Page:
Thursday, November 13, 2008

Ballet Shoes by Noel Streatfeild

Ballet Shoes is the first in the "Shoes series" by English author, Noel Streatfeild. Published in 1936, the book has become a children's classic and although not every book of the "Shoes series" is currently in print, the books do appear to be making a comeback.

I first heard mention of Ballet Shoes in the film You've Got Mail, when the lead character, Kathleen Kelly, mentions it while in a bookstore. At the time I assumed Ballet Shoes was a story about... well... some ballet shoes, but I was wrong.

The story begins when Matthew Brown, a professor of geology, is traveling on one of his fossil finding expeditions and ends up rescuing a baby girl from a shipwreck. On a whim he decides to adopt the girl and brings her home to his grand-niece, Sylvia. The baby is named Pauline. Not long after, Professor Brown (a.k.a. Great Uncle Matthew, a.ka. GUM) finds and adopts another orphan, this time a Russian baby girl. She is named Petrova. And then a few years later, Posy is added to the family, after her mother (a dancer) leaves her in the care of the Professor. The girls, GUM and Sylvia become a family, but not for long. Shortly after Posy joins the family the professor departs on a lengthy expedition, which will mean his absence for no less than five years. He leaves enough money with Sylvia to cover the household expenses for five years and promises to return before it runs out… Unfortunately five years passes and it appears GUM is not going to return.

One thing leads to another and soon the sisters are attending the "Children's Academy of Dancing and Stage Training" with the goal that each girl, when she turns 12, might begin to earn money to help support their make-shift family. Thus begins the adventures of Pauline, Petrova, and Posy Fossil.

Ballet Shoes is set in the 1930s, during a time that is very different from today. And yet, the story of the Fossils is timeless enough that I believe it can be read and enjoyed as much by children and adults today, as it was 70 years ago when it was written.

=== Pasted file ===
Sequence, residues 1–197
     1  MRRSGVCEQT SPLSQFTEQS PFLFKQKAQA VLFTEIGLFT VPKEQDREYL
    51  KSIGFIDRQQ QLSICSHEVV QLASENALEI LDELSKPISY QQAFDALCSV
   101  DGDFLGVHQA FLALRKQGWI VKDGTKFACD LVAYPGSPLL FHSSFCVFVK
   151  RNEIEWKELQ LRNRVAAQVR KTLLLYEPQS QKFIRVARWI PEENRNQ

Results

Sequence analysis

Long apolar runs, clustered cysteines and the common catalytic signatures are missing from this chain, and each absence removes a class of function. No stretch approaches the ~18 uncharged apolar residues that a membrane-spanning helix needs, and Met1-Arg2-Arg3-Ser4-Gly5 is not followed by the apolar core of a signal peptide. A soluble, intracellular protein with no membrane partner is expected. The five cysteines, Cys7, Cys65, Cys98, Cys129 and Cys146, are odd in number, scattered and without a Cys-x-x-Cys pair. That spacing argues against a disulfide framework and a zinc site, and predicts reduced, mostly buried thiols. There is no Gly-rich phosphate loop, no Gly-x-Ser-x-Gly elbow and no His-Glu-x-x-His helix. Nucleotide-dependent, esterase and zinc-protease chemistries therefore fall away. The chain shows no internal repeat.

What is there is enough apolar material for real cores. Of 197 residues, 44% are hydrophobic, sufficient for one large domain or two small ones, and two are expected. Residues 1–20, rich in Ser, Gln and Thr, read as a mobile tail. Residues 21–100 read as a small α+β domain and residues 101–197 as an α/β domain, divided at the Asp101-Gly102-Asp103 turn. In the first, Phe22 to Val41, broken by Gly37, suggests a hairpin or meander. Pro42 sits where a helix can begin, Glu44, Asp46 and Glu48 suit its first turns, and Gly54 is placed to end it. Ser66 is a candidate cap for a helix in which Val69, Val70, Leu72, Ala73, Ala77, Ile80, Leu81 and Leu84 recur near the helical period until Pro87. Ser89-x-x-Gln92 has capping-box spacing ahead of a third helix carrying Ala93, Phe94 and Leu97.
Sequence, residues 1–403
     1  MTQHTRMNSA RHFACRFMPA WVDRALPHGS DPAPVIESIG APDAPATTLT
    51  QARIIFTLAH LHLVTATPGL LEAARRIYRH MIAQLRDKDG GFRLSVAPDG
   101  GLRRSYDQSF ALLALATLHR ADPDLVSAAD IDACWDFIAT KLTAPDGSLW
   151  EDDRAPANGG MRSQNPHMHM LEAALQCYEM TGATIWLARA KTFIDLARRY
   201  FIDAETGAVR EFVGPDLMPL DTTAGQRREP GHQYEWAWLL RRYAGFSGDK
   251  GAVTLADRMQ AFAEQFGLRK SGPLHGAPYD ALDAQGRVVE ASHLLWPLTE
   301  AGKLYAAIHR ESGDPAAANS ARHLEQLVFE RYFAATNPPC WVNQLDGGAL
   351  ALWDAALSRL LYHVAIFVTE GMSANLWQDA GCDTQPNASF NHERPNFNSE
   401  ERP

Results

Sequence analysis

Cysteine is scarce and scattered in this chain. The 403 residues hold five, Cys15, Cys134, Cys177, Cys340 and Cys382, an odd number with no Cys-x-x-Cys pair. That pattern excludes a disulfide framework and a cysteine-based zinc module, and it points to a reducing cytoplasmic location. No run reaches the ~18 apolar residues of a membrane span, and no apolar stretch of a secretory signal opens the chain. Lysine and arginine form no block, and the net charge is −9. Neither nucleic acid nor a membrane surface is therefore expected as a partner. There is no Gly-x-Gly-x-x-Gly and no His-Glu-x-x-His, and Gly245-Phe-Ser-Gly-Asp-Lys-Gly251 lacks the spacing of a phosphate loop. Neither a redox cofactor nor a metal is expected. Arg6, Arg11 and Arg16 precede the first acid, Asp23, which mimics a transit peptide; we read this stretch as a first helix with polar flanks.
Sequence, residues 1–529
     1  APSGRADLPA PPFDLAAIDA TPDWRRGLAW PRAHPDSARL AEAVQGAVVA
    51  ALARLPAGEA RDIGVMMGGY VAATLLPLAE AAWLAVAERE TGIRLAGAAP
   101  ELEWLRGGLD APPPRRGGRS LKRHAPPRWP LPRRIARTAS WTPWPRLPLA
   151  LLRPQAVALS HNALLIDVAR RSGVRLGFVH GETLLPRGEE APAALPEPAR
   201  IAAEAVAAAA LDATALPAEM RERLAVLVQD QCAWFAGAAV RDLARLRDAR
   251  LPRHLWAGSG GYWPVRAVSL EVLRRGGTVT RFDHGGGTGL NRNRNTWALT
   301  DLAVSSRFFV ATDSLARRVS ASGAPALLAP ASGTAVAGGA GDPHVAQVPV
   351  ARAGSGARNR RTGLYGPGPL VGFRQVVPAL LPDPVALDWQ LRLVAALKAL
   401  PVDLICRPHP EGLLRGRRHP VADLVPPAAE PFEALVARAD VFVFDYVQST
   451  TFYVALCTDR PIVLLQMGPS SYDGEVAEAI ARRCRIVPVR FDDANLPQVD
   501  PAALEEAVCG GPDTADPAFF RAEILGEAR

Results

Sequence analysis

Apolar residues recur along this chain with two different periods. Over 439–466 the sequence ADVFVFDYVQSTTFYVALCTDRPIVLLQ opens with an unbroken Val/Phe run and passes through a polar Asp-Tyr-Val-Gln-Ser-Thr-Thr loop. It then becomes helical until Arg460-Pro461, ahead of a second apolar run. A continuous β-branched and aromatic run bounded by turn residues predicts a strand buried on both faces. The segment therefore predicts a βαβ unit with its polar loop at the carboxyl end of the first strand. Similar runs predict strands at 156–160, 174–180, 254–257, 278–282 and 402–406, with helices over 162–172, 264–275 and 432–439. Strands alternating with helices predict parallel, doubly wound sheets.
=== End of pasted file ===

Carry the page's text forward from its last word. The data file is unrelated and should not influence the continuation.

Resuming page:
I liked Ballet Shoes. It’s a cute story, but I must admit there were a few moments while reading that I found myself a little bored and impatient to finish the book. I think I might have enjoyed this book more had I been younger when I read it, perhaps in the 8-12 age range (the ages of the girls in the story). That being said, I hope to share it with my daughter when she is that age. The book, at 232 pages, is a decent length for a children’s book, but it is well written and could make for a fun and easy read-aloud too. The copy I read was borrowed from my local library, but I plan on purchasing my own copy to add to my daughter's library.

Ballet Shoes does have a sequel, Theatre Shoes, which I have added to my "To Be Read" list. For more information about these books or to find out which books in the "Shoes series" are available in print check out this link.

Two interesting side notes:

Ballet Shoes was adapted to film in 2007 staring Emma Watson (Harry Potter), Lucy Boynton (Miss Potter), Emilia Fox (Pride & Prejudice), and Eileen Atkins (Cranford) to name a few familiar faces. I haven't seen the film yet, but have requested it from my library. The movie trailers look promising and as I enjoyed the book I am excited to watch the movie when it arrives.

Last, as I was reading Ballet Shoes I was reminded of some of the adventures in English theatres that Julie Andrews includes in her autobiography, Home. If you have any interest in learning about the life of a stage actress in the 20s and 30s, this is a great book to read.


Rebecca Reid said...

I already have Julie Andrew's Home on my list to read! Glad to know it's interesting.

I also was curious to read Ballet Shoes, thanks to You've Got Mail. Thanks for the review.

Carrie said...

I saw a shoe book the other day and wondered if it was from this series but couldn't remember the author's name. I THINK it was this book that I saw so I was glad to see your review of it.

The movie also sounds curious.